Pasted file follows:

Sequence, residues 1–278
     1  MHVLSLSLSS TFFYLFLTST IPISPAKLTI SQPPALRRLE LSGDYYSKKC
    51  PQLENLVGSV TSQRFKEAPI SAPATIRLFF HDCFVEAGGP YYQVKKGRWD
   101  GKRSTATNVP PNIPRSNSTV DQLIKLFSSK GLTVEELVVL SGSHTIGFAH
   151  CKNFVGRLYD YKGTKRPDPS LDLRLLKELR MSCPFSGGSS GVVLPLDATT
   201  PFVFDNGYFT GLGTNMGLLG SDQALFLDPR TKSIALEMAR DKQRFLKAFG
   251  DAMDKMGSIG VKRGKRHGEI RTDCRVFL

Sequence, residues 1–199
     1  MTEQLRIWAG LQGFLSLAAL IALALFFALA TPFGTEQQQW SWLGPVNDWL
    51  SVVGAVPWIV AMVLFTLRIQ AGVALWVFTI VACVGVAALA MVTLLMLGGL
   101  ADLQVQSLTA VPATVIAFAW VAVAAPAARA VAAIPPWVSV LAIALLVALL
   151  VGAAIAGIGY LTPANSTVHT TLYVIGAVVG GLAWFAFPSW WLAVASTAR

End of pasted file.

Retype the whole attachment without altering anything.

Sequence, residues 1–278
     1  MHVLSLSLSS TFFYLFLTST IPISPAKLTI SQPPALRRLE LSGDYYSKKC
    51  PQLENLVGSV TSQRFKEAPI SAPATIRLFF HDCFVEAGGP YYQVKKGRWD
   101  GKRSTATNVP PNIPRSNSTV DQLIKLFSSK GLTVEELVVL SGSHTIGFAH
   151  CKNFVGRLYD YKGTKRPDPS LDLRLLKELR MSCPFSGGSS GVVLPLDATT
   201  PFVFDNGYFT GLGTNMGLLG SDQALFLDPR TKSIALEMAR DKQRFLKAFG
   251  DAMDKMGSIG VKRGKRHGEI RTDCRVFL

Sequence, residues 1–199
     1  MTEQLRIWAG LQGFLSLAAL IALALFFALA TPFGTEQQQW SWLGPVNDWL
    51  SVVGAVPWIV AMVLFTLRIQ AGVALWVFTI VACVGVAALA MVTLLMLGGL
   101  ADLQVQSLTA VPATVIAFAW VAVAAPAARA VAAIPPWVSV LAIALLVALL
   151  VGAAIAGIGY LTPANSTVHT TLYVIGAVVG GLAWFAFPSW WLAVASTAR